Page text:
In a recent discussion, 48 people (at last count) offered their comments. There were a couple that I found particularly thought-provoking and am publishing portions of them here. They have been slightly edited to retain coherence of thought.

Commenter kcchief1:

Use one scripture to prove a point and someone else will use another to refute your point. Paul also uses the age old excuse of the hardening of hearts when people don’t receive the scriptures. In the OT God hardened many hearts . Why would a God who wants the World to worship him harden people’s hearts???

Commenter joenbjerregaard:

[You] have to look for disagreements – as skeptics often do – to see them. We can’t expect every doctrine to be taught on every page, it is not reasonable. I’m pretty skeptical of much in the Old Testament, but I go along and say God hardened many hearts, as a punishment.

Commenter William:

I can agree that every doctrine shouldn’t be expected to be seen in every page – it isn’t reasonable as you’ve stated.

And Skeptics often do look for disagreements. Looks like I agree with you again. But I think we should elaborate this point. Christians are skeptics too – just of every faith other than their own. They’re skeptical of science that may disagree with the bible (hares chewing cuds, the earth being supported by pillars — though I admit is likely just poetic writing, a seed having to die before it germinates, the sun and moon being under the atmosphere, etc.).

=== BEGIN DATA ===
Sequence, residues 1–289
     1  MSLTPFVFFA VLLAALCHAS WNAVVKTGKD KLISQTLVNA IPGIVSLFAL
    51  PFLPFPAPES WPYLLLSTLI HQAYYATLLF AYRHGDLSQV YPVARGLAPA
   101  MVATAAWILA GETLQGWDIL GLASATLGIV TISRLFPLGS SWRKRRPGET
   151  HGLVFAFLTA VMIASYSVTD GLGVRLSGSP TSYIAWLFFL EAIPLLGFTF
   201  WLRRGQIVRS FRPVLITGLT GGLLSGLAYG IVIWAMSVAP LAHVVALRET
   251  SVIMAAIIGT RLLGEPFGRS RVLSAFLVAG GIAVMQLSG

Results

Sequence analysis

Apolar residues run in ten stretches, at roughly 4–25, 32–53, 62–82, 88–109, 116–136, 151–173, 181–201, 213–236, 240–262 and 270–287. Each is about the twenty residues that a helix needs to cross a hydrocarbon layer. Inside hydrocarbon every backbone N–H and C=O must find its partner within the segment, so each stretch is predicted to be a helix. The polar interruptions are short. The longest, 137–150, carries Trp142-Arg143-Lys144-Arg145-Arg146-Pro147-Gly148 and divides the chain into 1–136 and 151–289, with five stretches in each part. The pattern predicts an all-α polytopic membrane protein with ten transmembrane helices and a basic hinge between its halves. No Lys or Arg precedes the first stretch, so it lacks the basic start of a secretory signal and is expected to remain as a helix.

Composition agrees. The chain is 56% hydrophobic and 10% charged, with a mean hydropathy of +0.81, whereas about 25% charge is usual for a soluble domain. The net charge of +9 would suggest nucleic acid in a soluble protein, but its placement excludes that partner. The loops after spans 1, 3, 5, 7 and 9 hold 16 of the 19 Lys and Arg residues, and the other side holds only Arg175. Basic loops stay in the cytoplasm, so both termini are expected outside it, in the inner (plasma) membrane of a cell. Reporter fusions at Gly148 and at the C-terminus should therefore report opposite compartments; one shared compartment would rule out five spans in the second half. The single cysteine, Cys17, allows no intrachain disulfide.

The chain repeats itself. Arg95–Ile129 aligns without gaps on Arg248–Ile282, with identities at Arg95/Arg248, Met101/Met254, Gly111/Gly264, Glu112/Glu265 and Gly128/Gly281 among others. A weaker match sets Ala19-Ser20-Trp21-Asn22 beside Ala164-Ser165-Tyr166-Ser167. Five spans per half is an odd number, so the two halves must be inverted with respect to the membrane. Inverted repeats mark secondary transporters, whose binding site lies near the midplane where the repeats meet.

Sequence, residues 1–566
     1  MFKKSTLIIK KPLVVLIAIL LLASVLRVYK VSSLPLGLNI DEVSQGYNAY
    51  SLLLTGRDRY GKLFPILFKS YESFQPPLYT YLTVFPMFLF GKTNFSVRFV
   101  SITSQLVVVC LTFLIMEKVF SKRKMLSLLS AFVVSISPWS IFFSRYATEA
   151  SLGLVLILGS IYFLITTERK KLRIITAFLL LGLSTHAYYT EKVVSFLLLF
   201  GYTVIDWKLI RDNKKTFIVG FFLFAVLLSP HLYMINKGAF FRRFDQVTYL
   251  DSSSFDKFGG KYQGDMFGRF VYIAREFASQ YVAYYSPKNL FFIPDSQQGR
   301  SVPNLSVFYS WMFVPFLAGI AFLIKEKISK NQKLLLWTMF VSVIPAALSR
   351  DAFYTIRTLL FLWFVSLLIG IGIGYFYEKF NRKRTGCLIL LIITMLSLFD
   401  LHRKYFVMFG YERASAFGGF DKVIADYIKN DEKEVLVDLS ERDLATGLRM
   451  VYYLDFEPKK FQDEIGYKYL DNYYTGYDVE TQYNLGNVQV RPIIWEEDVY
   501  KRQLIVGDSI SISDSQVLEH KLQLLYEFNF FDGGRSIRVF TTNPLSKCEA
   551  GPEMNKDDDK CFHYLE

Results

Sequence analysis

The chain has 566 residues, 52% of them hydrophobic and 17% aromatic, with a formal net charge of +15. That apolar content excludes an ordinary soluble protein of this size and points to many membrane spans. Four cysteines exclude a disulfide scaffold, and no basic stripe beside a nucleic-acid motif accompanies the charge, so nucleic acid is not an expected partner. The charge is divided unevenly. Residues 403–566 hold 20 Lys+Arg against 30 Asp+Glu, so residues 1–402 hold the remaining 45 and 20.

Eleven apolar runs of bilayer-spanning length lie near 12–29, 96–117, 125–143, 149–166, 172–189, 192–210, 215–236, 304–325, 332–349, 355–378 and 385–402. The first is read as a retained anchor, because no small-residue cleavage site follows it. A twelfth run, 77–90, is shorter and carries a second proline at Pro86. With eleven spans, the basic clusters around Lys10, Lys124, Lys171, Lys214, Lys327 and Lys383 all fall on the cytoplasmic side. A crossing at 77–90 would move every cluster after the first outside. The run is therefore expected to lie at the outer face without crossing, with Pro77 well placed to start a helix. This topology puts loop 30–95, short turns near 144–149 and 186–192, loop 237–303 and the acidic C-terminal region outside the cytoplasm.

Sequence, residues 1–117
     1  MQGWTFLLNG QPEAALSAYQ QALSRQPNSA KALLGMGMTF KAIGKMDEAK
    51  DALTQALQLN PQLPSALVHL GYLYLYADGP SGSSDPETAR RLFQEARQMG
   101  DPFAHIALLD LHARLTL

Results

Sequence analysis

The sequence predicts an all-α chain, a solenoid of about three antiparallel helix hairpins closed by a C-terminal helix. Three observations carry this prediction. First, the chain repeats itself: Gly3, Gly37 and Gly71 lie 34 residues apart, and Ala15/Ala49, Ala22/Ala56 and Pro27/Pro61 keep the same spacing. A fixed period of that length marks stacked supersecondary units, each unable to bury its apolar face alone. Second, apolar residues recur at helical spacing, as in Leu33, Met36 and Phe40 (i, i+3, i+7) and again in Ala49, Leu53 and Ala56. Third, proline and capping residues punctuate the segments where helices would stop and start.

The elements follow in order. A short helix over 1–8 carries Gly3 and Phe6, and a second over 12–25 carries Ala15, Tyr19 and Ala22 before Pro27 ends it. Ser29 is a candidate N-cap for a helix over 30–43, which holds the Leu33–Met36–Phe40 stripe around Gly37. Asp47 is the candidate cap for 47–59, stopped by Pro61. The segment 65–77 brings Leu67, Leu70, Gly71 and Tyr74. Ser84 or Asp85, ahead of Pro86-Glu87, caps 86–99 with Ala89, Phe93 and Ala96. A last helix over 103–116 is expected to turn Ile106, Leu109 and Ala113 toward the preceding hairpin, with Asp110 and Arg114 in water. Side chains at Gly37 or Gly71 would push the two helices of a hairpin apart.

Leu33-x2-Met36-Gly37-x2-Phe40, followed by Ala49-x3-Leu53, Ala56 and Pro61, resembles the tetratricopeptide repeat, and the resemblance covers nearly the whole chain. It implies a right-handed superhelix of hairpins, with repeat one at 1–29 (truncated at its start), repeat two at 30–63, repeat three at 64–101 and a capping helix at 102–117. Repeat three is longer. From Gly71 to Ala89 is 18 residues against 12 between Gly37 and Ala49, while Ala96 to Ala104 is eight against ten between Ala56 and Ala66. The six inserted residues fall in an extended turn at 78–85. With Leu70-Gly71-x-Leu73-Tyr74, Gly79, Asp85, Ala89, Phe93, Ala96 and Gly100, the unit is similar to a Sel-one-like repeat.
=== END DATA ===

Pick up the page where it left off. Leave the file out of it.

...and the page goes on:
Christians will seek problems in those things as well as in books like the koran to discredit them. So the atheistic/agnostic skeptics are indeed the same. And shouldn’t something so powerful, something from the most powerful, most perfect, most fair, most loving, most wise, and most eternal being stand up to such scrutiny?

Look at the contradictions within the bible. Did god bring the birds from the water or from the earth? What day did jesus die? What is the correct linage of jesus through Joseph? Is Tyre in existence or not? Are all the prophecy fulfillments in Mathew really originated in prophecies? How long were the Israelite enslaved in Egypt? When did the Israelites actually take all of canaan – if ever? How did Judas die? … and the list goes on and on…

But beyond skepticism, the believers will often dismiss and ignore any issue and only focus on the good parts or the cohesive parts. But the problems don’t go away no matter how hard you try to ignore them or hide them.

And really, why would anyone believe the bible was from god anyway? because the bible says it is? because the old authors of the bible claimed that they spoke on behalf of god, as if god couldn’t write a book for himself, as if it was just too tiresome for god to speak to everyone and clear everything up face to face, man to man? Come now. We can be better than that. Where’s the verification? What proves the authors’ claims? Oh yeah, they said there had been miracles that proved it… And that’s great – for those who allegedly witnessed them, but not for anyone else. Where’s the proof of those supposed proofs? Get my question?

IMO, William asks some very good questions. Do you have the answers?